New Deal Art.
During the depths of the Great Depression of the 1930s and into the early years of World War II, the Federal government supported the arts in unprecedented ways. For 11 years, between 1933 and 1943, federal tax dollars employed artists, musicians, actors, writers, photographers, and dancers. Never before or since has our government so extensively sponsored the arts.
History of Southern IllinoisBy Paul Kelpe, Illinois Federal Art Project, WPA, ca. 1935-39 Gouache
"Church in shacktown community. It is used by different sects, including Pentecostal. The curtains are made of flour sacks. . . . Near Modesto, Stanislaus County, California, May 10, 1940"By Dorothea Lange, Bureau of Agricultural Economics
Michigan artist Alfred Castagne sketching WPA construction workersBy an unknown photographer, May 19, 1939
Painting depicting the activities of the National Youth AdministrationBy Alden Krider, Kansas National Youth Administration, 1936, Oil on canvas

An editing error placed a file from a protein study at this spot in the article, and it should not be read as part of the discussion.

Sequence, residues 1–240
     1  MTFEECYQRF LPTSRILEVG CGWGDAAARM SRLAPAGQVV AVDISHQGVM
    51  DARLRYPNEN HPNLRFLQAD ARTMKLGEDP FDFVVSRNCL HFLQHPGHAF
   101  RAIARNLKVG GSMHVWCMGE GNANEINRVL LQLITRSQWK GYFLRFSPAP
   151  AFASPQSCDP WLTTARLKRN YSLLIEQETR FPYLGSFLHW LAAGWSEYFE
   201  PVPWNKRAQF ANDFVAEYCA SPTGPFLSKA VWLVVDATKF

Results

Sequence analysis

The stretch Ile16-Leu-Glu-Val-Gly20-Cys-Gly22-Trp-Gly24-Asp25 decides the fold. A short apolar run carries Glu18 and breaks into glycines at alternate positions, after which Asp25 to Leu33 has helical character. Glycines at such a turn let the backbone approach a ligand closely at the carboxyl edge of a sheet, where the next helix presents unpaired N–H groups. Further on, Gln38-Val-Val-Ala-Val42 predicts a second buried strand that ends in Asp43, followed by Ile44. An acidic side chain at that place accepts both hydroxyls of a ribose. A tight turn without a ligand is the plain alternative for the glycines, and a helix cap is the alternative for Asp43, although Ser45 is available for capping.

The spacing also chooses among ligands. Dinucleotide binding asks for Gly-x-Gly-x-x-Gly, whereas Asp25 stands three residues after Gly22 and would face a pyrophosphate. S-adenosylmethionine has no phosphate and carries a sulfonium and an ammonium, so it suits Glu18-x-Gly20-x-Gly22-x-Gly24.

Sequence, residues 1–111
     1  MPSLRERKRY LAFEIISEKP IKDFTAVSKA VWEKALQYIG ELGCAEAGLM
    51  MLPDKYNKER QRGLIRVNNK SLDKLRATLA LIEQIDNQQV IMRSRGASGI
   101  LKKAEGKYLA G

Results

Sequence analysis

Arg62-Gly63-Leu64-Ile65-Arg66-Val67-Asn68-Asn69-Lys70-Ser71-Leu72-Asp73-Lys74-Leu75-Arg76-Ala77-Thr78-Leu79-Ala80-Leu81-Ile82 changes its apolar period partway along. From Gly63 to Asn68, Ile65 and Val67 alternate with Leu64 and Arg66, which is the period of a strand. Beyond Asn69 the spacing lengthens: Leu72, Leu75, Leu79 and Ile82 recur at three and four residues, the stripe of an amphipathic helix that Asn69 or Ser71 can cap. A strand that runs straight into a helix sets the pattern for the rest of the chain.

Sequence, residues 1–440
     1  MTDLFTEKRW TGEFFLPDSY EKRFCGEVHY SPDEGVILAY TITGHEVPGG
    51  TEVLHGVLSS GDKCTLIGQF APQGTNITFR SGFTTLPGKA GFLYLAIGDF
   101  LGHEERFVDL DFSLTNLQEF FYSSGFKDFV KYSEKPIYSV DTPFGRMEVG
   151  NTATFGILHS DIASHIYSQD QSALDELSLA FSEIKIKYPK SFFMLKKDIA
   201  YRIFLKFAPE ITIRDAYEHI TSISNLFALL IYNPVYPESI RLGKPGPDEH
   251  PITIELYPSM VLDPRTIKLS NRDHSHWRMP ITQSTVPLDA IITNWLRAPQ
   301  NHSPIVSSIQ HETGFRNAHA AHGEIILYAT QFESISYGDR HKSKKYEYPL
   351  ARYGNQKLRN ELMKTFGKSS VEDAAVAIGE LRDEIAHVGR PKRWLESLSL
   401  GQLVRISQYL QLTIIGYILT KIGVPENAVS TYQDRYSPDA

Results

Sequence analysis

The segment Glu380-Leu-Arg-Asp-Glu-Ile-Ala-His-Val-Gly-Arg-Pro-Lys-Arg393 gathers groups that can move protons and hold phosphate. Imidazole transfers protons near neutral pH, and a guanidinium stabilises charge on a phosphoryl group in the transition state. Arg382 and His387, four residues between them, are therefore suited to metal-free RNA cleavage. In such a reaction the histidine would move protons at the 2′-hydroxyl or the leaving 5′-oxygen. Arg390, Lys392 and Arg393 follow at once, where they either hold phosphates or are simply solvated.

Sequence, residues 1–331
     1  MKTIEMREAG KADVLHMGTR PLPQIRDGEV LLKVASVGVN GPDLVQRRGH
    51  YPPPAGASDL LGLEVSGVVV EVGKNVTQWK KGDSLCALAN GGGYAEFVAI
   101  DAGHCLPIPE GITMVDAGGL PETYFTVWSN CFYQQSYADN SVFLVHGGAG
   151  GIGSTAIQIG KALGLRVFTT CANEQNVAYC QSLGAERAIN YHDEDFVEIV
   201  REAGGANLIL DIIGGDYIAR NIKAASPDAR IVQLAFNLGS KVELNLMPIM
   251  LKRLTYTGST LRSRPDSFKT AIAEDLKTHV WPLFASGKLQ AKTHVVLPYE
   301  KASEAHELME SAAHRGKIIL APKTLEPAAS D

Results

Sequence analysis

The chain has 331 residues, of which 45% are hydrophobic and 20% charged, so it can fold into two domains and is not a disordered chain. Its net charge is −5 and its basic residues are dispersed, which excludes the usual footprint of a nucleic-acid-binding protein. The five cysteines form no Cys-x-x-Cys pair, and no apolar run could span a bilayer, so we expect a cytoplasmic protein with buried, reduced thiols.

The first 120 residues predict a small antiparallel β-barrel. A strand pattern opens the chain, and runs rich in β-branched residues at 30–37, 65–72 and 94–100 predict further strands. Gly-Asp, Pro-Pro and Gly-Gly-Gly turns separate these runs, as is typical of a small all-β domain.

"C.C.C. A Young Man's Opportunity for Work Play Study & Health"By Albert Bender, Chicago Federal Art Project, WPA, ca. 1935SilkscreenYears of DustBy Ben Shahn, Resettlement Administration, 1937, Photolithograph
Lest We ForgetBy Ben Shahn, Resettlement Administration, 1937Gouache and watercolor in bound volume
"Children in a democracy. A migratory family living in a trailer in an open field. No sanitation, no water. They come from Amarillo, Texas."By Dorothea Lange, Bureau of Agricultural Economics, November 1940
From the "One-Third of a Nation" series, New York CityBy Arnold Eagle and David Robbins,New York City Federal Art Project, May to August 1938
Mine RescueBy Fletcher Martin, Treasury Section of Fine Arts, 1939Tempera on panel